Photo Tour Preview of Brooklyn’s New Trail of Sweets

Dried chocolate beans at the Rakka Chocolate factory in red Hook, Brooklyn. 5/24/2016

Dried chocolate beans at the Raaka Chocolate factory. (Photo: Aaron Adler for Observer)

Upstairs at Cacao Prieto, a bean-to-bar chocolatier in Red Hook, it smelled as though vats of spiced chai were brewing and Toll House cookies were baking. A visitor then detected a vinegary undertone, where the boutique firm turns the cacao beans into a slurry called “cocoa liquor.” Down the stairs into the basement, where brown stew becomes high-end dark chocolate, the pleasing odor shifted: a full-on sweet cocoa with hints of strawberries and raspberries.

So visitors who pay no attention on one of Cacao Prieto’s weekend tours can still learn about its manufacturing process through their noses. It’s an olfactory sensation that head chocolatier Roger Rodriguez hopes more will experience soon, when visitors will follow the forthcoming Southwest Brooklyn Sweets Trail map. The map, which promises to show day-trippers the best local spots for developing cavities, from ice cream to Key lime pies to bonbons, marks the first public manifestation of a campaign to make the gentrifying neighborhood a hub for sugary innovation.

Cacao Prieto opened about six years ago. “We grow it. We harvest it. We do the fermentation,” chief chocolatier Roger Rodriguez explained. Smiling each time he spoke, he paired an old-school bakery smock with hipster glasses. “We handle every single part of it.”

The company even invents patented gear, such as its Double Vortex Winnower, which extracts the cocoa shells from the flavor-bearing nibs by swirling both aloft inside a glass tube tornado.

Eleven blocks away, Raaka Chocolate, another future stop on the tour, doesn’t roast its beans. That’s why its name means “untamed” in Finnish.

The two companies have united to create a chocolate culture like the one craft breweries built. “They use very different equipment than what we use. It tastes different. It looks different,” Nate Hodge, a co-founder of Raaka, said of his friendly competition, but “it speaks to the same thing: building community around chocolate consumption.”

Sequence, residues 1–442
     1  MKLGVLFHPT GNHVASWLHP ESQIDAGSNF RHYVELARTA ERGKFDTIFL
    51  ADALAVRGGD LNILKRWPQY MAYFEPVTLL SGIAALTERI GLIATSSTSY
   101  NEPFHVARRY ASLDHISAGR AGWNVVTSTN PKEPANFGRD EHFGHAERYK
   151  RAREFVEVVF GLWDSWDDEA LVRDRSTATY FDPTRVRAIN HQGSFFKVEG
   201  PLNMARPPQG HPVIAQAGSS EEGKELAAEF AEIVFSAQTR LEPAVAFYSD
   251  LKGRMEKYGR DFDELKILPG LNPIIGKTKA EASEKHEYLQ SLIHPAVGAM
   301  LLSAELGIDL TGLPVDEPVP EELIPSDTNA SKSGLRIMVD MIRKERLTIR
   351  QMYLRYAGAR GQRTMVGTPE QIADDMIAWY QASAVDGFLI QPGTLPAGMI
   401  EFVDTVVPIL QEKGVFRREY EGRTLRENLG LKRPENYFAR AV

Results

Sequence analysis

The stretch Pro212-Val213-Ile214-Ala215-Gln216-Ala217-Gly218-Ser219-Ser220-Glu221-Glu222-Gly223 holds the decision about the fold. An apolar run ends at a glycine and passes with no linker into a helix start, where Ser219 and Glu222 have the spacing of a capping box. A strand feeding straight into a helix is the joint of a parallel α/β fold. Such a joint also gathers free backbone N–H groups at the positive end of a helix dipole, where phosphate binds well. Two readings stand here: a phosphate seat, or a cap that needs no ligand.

Peter Gray, Raaka’s first hire, noted that chocolate is as much food as candy, since less sugary, more flavorful versions can be added to rubs, sauces or stews. To that end, Mr. Gray gave the Observer a sample of Raaka’s ghost pepper chocolate from a warming pot in its factory, a former metal fabrication shop. That sample tasted first like classic dark chocolate, but then the Indian chili pepper sneaks up, a hot kick at the back of your mouth.

Perhaps a visit with some of these real-life Willy Wonkas will have a similar delayed effect: a gradual realization that sweets can be a shared pleasure, rather than a guilty one.

Roger Rodriguez, head chocolatier of Cacao Prieto, hails from the Dominican Republic, where all of the cocoa beans they use are from as well. 5/24/2016- Photo by Aaron Adler for The Commercial Observer

Roger Rodriguez, head chocolatier of Cacao Prieto, hails from the Dominican Republic, where all of the cocoa beans they use are from as well. (Photo: Aaron Adler for Observer)

Labels being put on the chocolate bars at Cacao Prieto in red Hook, Brooklyn. 5/24/2016- Photo by Aaron Adler for The Commercial Observer

Labels going on Cacao Prieto’s chocolate bars, in the factory’s downstairs. (Photo: Aaron Adler for Observer)

Cacao Prieto, a chocolate producer in Red Hook, Brooklyn. Makes a wide variety of unusual chocolate bars. 5/24/2016 - Photo by Aaron Adler for The Commercial Observer

Cacao Prieto’s finished bars. The company even designs and prints its own labels. (Photo: Aaron Adler for Observer)

Cacao Prieto, a chocolate producer in Red Hook, Brooklyn. Many "sweets" manufacturers are located in the neighborhood. 5/24/2016 - Photo by Aaron Adler for The Commercial Observer

Cacao Prieto, a chocolate producer in Red Hook, Brooklyn. (Photo: Aaron Adler for Observer)

Chocolate at Rakka.

Chocolate being poured into bar casts at Raaka Chocolate. (Photo: Aaron Adler for Observer)

A worker at Rakka Chocolate factory in Red Hook, Brooklyn, lays out freshly made chocolate bars. 5/24/2016 - Photo by Aaron Adler for The Commercial Observer

A worker at Raaka lays out freshly made chocolate bars. (Photo: Aaron Adler for Observer)

Rakka's first employee, Peter Gray, left, with co-founders Ryan Cheney and Nate Hodge.

Raaka’s first employee, Peter Gray, left, with co-founders Ryan Cheney and Nate Hodge. (Photo: Aaron Adler for Observer)

Rakka chocolate bars ready to be packaged in Red Hook, Brooklyn.

Finished Raaka chocolate bars ready to be ship in Red Hook, Brooklyn. (Photo: Aaron Adler for Observer)

Steve Tarpin, of Steve's Key Lime Pies, in front of his shop in Red Hook, Brooklyn. 5/24/2016- Photo by Aaron Adler for The Commercial Observer

Steve Tarpin, of Steve’s Authentic Key Lime Pies, in front of a fresh shipment of his most important ingredient. Founded in 1999, his company’s the neighborhood’s confectionery pioneer. “I was niche before niche was chic,” he told the Observer. (Photo: Aaron Adler for Observer)

Photo Tour Preview of Brooklyn’s New Trail of Sweets